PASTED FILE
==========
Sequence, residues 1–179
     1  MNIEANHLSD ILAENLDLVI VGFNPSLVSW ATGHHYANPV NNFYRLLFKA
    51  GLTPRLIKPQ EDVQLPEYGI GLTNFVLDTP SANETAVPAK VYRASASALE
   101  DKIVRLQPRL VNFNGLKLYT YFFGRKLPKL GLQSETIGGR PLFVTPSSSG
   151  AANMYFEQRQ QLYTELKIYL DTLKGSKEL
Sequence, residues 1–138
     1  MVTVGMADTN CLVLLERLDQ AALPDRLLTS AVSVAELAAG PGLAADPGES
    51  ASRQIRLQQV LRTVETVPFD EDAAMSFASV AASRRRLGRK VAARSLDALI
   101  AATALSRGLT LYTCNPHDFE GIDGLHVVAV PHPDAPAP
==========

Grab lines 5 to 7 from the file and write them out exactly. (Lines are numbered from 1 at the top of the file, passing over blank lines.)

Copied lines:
   151  AANMYFEQRQ QLYTELKIYL DTLKGSKEL
Sequence, residues 1–138
     1  MVTVGMADTN CLVLLERLDQ AALPDRLLTS AVSVAELAAG PGLAADPGES